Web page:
Resources On Async Tasks
Async Tasks, included in the Task Parallel Library, is a great way to write asynchronous code in – we look at a few resources that show how to use this API in different scenarios and what are the various considerations.
In the article “Enabling Progress And Cancellation in Async APIs” Brandon Bay shows how to create keep a Progress Bar updated while uploading a file asynchronously. You can also use the cancellation token to allow the user to cancel an async task. In an earlier article, Brandon shows the difference between the earlier methods of writing asynchronous code (through EAP and APM) and the new way through async and await keywords. This FAQ on Async/Await also gets into more details and points to more resources.
While asynchronous programming becomes much simpler with the new key words, developers should avoid going over-board in using them – async calls can be expensive and it is better to make few large async calls over lots of small ones.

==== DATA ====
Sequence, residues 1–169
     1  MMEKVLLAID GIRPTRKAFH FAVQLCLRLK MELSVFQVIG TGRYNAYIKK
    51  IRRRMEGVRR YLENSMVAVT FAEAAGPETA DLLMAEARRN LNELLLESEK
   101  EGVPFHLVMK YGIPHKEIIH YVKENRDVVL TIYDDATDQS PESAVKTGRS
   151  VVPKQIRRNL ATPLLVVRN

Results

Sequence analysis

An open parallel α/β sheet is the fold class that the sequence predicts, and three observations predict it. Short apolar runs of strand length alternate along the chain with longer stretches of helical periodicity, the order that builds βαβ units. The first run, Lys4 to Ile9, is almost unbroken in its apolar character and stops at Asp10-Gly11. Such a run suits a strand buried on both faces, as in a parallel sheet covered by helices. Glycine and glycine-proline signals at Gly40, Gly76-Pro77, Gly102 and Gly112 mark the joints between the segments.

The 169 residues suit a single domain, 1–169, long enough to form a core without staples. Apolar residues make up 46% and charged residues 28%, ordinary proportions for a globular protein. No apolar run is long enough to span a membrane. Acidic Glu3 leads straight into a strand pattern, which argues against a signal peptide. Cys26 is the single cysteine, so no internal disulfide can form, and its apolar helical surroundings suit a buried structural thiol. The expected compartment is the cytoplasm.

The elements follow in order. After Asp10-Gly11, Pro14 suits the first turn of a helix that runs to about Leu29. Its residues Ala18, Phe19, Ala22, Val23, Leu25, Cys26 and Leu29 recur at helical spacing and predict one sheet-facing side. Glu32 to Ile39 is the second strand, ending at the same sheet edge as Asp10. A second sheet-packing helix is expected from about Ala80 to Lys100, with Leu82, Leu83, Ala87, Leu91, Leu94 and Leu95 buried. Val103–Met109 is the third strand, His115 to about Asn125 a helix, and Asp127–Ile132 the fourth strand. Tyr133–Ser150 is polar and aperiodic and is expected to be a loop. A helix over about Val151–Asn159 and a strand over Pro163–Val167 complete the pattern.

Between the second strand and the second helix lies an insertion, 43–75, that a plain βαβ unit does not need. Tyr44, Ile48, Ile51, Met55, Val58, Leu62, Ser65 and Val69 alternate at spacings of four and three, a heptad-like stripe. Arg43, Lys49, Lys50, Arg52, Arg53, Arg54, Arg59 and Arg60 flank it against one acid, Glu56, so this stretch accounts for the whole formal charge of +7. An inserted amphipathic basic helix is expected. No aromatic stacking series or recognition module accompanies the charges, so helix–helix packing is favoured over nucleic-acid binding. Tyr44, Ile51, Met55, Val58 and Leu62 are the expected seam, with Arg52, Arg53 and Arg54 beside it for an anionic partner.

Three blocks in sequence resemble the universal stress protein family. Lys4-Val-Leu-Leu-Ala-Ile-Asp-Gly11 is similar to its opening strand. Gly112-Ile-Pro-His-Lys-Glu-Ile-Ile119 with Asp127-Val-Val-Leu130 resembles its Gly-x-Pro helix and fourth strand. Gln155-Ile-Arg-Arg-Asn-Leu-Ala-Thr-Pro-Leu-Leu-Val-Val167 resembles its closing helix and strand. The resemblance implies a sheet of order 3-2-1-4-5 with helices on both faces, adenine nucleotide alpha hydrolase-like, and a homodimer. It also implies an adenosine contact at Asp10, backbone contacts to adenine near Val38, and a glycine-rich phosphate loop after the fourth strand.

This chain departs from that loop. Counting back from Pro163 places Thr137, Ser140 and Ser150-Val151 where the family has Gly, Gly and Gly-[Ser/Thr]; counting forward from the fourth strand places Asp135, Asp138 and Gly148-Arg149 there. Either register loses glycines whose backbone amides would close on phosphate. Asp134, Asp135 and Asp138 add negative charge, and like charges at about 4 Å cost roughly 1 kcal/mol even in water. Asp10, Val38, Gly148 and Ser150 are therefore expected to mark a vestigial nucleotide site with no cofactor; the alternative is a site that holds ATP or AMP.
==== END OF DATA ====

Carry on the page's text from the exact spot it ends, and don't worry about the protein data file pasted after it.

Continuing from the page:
Use of Async is not limited to Windows Programming, and it can be used in ASP.NET server-side code as well. Task Support For Async Controllers, introduced in ASP.NET MVC 4, makes it much easier to write non-blocking code in controllers which can further use asynchronous methods themselves. You can even set timeouts and raise exceptions when a timeout does occur. Note though, that this is supported only with C# 5.
No need to branching node.js